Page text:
SailNet Community - View Single Post - Kids/Sailing/Safety
View Single Post
post #5 of Old 12-12-2007
Telstar 28
sailingdog's Avatar
Join Date: Mar 2006
Location: New England
Posts: 43,290
Thanks: 0
Thanked 18 Times in 14 Posts
Rep Power: 16
The "Stay on the boat" rule only really applies to bigger boats... on a 14' Laser, staying on the boat isn't always an option....since they tend to capsize fairly regularly, especially with a relatively inexperienced sailor aboard.

However, wearing PFDs should not be optional for the kids, at least until they're in their mid-teens... A 15 or 16 year old can generally decide for themselves for the most part... but a 5 or 10 year old really needs to be wearing a PFD, harness and tether. But this also depends on how experienced the child is with regards to sailing.

If the kid has been sailing since they were four or five, chances are pretty likely they'll have a good idea of when they need a PFD, harness and tether and when they don't.

It also depends on the boat... some boats are safer boats to be on than others... for instance, my boat is 18' wide with foot high bulwarks on the outer edge of the amas... and sails with 10˚ of heel at the most. We're often out in conditions that would have most monohulls leaned over 30-40˚ or so. Someone on one of those monohulls best be tethered in with a PFD on... but the boom is over six feet off the ama or cockpit level, and no danger to anyone not actually on the cabintop. So, it is pretty easy to stay aboard my boat, even when it is blowing like stink.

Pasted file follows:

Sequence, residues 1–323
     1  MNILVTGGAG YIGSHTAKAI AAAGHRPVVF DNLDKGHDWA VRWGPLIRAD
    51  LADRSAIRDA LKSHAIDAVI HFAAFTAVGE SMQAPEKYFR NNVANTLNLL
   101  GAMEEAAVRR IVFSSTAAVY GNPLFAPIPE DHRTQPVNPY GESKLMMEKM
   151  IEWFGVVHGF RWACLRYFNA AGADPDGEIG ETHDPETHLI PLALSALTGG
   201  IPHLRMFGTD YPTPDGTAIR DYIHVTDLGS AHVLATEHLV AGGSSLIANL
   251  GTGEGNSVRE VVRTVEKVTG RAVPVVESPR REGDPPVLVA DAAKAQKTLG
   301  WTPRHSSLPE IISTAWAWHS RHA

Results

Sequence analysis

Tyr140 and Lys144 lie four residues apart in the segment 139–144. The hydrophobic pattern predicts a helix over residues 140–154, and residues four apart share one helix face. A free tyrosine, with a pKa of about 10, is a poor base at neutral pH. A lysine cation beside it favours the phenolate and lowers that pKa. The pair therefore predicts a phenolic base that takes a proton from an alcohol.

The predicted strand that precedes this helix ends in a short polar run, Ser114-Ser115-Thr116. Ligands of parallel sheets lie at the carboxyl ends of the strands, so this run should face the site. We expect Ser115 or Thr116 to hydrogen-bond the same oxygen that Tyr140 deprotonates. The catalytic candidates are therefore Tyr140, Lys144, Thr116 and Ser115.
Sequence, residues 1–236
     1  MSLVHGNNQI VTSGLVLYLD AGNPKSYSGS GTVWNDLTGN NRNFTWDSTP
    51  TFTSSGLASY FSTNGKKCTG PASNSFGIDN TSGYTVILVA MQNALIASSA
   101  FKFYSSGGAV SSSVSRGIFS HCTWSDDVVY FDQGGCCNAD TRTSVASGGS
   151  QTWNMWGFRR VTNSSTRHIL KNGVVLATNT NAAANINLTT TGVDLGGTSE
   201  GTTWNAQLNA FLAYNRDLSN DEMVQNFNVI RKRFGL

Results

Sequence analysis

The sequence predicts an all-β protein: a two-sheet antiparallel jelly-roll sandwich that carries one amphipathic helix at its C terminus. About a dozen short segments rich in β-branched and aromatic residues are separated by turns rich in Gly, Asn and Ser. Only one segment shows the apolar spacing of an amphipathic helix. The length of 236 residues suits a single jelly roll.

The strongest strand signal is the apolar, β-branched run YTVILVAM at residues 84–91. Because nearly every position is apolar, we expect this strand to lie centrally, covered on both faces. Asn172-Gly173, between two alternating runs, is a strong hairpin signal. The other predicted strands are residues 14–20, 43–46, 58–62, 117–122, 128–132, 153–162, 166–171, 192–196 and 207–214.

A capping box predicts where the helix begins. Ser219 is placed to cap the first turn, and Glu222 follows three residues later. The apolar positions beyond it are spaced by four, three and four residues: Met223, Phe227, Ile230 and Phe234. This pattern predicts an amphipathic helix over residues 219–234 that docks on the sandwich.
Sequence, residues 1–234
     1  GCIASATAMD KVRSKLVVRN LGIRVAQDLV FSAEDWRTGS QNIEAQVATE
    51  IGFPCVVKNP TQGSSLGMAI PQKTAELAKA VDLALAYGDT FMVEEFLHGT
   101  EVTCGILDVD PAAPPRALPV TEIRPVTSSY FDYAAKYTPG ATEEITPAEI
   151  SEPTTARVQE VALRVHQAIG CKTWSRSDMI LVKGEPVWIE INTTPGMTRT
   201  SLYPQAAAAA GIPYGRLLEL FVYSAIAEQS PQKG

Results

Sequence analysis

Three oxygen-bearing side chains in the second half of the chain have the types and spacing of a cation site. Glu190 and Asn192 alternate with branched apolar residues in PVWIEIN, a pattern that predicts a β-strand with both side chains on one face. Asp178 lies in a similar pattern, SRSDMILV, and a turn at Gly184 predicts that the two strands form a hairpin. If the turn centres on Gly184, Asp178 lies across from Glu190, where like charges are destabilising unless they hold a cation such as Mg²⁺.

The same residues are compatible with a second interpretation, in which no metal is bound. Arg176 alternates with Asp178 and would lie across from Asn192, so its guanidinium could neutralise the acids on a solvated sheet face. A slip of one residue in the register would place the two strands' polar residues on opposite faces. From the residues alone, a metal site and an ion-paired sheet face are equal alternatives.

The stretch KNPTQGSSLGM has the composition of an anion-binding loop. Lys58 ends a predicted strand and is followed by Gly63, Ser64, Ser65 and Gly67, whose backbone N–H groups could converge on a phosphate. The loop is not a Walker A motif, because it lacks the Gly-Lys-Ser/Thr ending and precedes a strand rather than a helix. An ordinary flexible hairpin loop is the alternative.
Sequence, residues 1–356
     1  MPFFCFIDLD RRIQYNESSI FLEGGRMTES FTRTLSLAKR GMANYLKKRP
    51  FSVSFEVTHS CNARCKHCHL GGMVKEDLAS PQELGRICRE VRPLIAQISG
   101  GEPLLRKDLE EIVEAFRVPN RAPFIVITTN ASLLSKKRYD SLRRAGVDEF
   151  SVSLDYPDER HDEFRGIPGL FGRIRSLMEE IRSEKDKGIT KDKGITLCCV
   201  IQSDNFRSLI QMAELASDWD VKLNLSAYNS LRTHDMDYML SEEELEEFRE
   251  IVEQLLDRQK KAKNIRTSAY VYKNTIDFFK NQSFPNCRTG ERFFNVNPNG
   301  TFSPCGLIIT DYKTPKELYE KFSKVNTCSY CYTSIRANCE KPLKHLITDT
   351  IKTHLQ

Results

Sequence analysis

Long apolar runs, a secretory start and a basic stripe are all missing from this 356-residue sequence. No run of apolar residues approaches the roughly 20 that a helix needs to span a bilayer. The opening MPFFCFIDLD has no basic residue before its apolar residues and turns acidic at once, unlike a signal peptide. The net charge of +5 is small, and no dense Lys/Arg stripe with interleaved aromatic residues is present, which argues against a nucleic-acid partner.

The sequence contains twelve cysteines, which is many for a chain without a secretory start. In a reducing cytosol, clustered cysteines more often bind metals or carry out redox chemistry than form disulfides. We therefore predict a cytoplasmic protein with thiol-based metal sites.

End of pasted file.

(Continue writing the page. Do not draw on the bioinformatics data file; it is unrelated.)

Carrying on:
I do have some rules about when PFDs are mandatory. Same about harnesses and tethers. If you're going forward or on-deck at night while underway... they're required. I don't like MOB drills, and certainly don't want to do a real one at night. If the weather is bad, and you have to go forward, you are required to be at least tethered, but preferably tethered wearing a PFD.

Staying on the boat is really key. Small kids lose body heat much faster than larger adults, so hypothermia is more of a risk with them falling overboard.

BTW, getting inflatable PFDs makes a huge difference, since they're a lot more comfortable than the big, bulky Type I PFDs, yet provide most of the safety. Don't forget to teach the kids how to check the auto-inflation mechanism and CO2 cartridge. They should do this every time they put the PFD on. Murphy's law says the one time they don't the bottle won't be screwed in or won't be there.


To view links or images in signatures your post count must be 10 or greater. You currently have 0 posts.

Telstar 28
New England

You know what the first rule of sailing is? ...Love. You can learn all the math in the 'verse, but you take
a boat to the sea you don't love, she'll shake you off just as sure as the turning of the worlds. Love keeps
her going when she oughta fall down, tells you she's hurting 'fore she keens. Makes her a home.

óCpt. Mal Reynolds, Serenity (edited)

If you're new to the Sailnet Forums... please read this
To view links or images in signatures your post count must be 10 or greater. You currently have 0 posts.


Last edited by sailingdog; 12-12-2007 at 08:14 AM.
sailingdog is offline  
Quote Share with Facebook
For the best viewing experience please update your browser to Google Chrome